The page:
The World and Everything in It - February 2, 2022
On Washington Wednesday, who might succeed the retiring Justice Stephen Breyer; on World Tour, the latest international news; and two singers sparking a hymn revival for French speakers. Plus: commentary from Janie B. Cheaney, and the Wednesday morning news.
MARY REICHARD, HOST: Good morning!
Who will replace retiring U.S. Supreme Court Justice Stephen Breyer? We’ll look at President Biden’s criteria for the candidate.
NICK EICHER, HOST: That’s ahead on Washington Wednesday.
Also today, WORLD Tour.
Plus rediscovering old hymns for the French-speaking church.
And western civilization as a house that’s fallen into disrepair.
REICHARD: It’s Tuesday, February 2nd. This is The World and Everything in It from listener-supported WORLD Radio. I’m Mary Reichard.
EICHER: And I’m Nick Eicher. Good morning!
REICHARD: Now the news with Kent Covington.
KENT COVINGTON, NEWS ANCHOR:
Putin signals willingness to continue diplomatic talks » Russian President Vladimir Putin on Tuesday accused the United States and its allies of ignoring Russia’s top security demands. But he said Moscow is willing to continue talks to ease tensions over Ukraine.
It was the first time in more than a month that Putin himself has signaled that an invasion might not be imminent … and diplomacy may continue.
But neither side is budging on Russia’s key demands … including that Ukraine be barred from ever joining NATO.
And White House Press Secretary Jen Psaki said Moscow continues to pretend that it’s Russia’s security, not Ukraine’s, that is under threat.
PSAKI: When the fox is screaming from the top of the hen house that he’s scared of the chickens, which is essentially what they’re doing, that fear isn’t reported as a statement of fact.
But the Biden administration says it does welcome more diplomatic talks. The United States has proposed negotiations on lesser Russian demands.
Secretary of State Tony Blinken and his Russian counterpart Sergey Lavrov are expected to speak again soon. And the White House says direct talks between President Biden and Vladimir Putin are also possible.
FBI chief Wray: China still engaged in large-scale hacking operations targeting U.S. tech » FBI Director Christopher Wray says the threat to the United States and its allies from the Chinese government is “more brazen” and damaging than ever before.
Speaking at the Ronald Reagan Presidential Library this week, Wray said that even as Russia-Ukraine tensions dominate headlines, China remains the biggest threat to U.S. interests by stealing U.S. innovation.
WRAY: The Chinese government steals staggering volumes of information and causes deep, job-destroying damage across a wide range of industries.
In 2015, the United States and China announced a deal at the White House to not steal each other's intellectual property or trade secrets for commercial gain. But that agreement appears to be worth little more than the paper it's printed on.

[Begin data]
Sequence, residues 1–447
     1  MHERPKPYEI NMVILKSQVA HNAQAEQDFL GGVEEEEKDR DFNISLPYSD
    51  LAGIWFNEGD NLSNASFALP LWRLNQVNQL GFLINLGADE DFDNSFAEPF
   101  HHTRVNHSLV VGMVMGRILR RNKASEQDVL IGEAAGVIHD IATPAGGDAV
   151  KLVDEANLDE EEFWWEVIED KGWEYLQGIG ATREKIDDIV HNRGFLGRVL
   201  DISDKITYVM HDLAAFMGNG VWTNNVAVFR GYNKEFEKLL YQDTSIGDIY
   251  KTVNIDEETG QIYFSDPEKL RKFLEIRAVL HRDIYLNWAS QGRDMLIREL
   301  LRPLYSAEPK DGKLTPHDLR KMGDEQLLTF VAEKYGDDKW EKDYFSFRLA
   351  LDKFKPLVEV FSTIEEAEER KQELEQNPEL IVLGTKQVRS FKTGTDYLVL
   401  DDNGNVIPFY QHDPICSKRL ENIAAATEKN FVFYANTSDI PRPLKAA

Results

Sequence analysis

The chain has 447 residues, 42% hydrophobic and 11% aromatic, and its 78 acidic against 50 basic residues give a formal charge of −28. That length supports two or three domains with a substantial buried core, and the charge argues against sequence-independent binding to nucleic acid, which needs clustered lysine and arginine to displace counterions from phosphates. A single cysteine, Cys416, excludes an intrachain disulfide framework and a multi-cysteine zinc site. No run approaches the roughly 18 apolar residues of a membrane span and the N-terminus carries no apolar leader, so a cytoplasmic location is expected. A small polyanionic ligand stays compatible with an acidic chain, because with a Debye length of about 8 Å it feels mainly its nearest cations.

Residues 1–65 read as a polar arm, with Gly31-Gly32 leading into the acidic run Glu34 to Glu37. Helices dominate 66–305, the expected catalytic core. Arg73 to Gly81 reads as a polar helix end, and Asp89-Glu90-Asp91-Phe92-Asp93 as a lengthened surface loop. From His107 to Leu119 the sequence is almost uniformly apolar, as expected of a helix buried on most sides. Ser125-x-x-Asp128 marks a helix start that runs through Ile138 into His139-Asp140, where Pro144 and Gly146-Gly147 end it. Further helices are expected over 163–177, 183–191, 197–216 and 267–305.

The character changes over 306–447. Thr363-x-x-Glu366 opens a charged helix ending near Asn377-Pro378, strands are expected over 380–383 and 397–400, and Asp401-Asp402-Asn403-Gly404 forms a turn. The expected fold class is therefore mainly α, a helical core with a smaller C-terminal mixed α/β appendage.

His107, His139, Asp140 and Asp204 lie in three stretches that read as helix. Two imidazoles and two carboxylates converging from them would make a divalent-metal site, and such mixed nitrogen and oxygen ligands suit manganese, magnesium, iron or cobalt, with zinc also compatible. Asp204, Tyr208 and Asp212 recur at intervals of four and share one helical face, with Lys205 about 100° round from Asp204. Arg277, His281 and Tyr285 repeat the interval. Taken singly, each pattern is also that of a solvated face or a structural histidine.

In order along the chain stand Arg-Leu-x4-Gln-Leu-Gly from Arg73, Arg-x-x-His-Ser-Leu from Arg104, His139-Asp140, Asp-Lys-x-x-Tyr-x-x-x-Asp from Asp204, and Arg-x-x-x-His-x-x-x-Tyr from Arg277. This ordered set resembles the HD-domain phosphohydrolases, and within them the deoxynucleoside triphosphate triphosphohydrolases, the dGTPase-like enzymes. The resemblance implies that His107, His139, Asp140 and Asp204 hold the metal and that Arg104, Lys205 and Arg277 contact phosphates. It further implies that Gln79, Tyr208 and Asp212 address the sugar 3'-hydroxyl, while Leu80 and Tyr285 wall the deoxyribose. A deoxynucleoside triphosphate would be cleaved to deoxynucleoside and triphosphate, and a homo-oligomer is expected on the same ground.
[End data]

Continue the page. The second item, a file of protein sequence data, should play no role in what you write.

Wray said the FBI has more than 2,000 open investigations into Chinese efforts to steal American information or technology.
WRAY: The harm from the Chinese government’s economic espionage isn’t just that its companies pull ahead based on illegally gotten technology. While they pull ahead, they push our companies and workers behind.
He said the bureau is opening new cases to counter Chinese intel operations every 12 hours or so. And he added that the communist government is pilfering more personal and corporate data than all other countries combined.
Pfizer asking US to approve vaccines for kids under 5 » Drugmaker Pfizer is applying for emergency authorization of its COVID-19 vaccine for children under 5 years old. And a vaccine for young children could be ready by the end of this month. WORLD’s Kristen Flavin reports..
KRISTEN FLAVIN, REPORTER: Pfizer is seeking authorization for a two-dose course for young kids … while awaiting data on a three-dose course. And the company is expected to submit that application very soon.
Young kids would receive the vaccine at one-tenth the strength of the adult shot. Early Pfizer data has shown the shots to be safe and to produce an immune response.
But last year Pfizer announced the two-dose shot proved to be less effective at preventing COVID-19 in kids ages 2-5. That was partly due to the more contagious omicron strain. But regulators urged the company to add a third dose to the study.
The FDA authorized vaccines for kids ages 5 to 12 in November.
Reporting for WORLD, I’m Kristen Flavin.
Job openings rose in December amid worker shortages » U.S. employers stepped up their hunt for workers in December despite the impact of the omicron wave.
The Labor Department says the number of posted jobs rose to 10.9 million on the last day of December. That was up 1.4 percent compared with the previous month.
Companies were still desperate to hire workers last month yet had trouble finding enough people to fill the open jobs. There were approximately 1.6 available jobs for every person actively seeking work that month.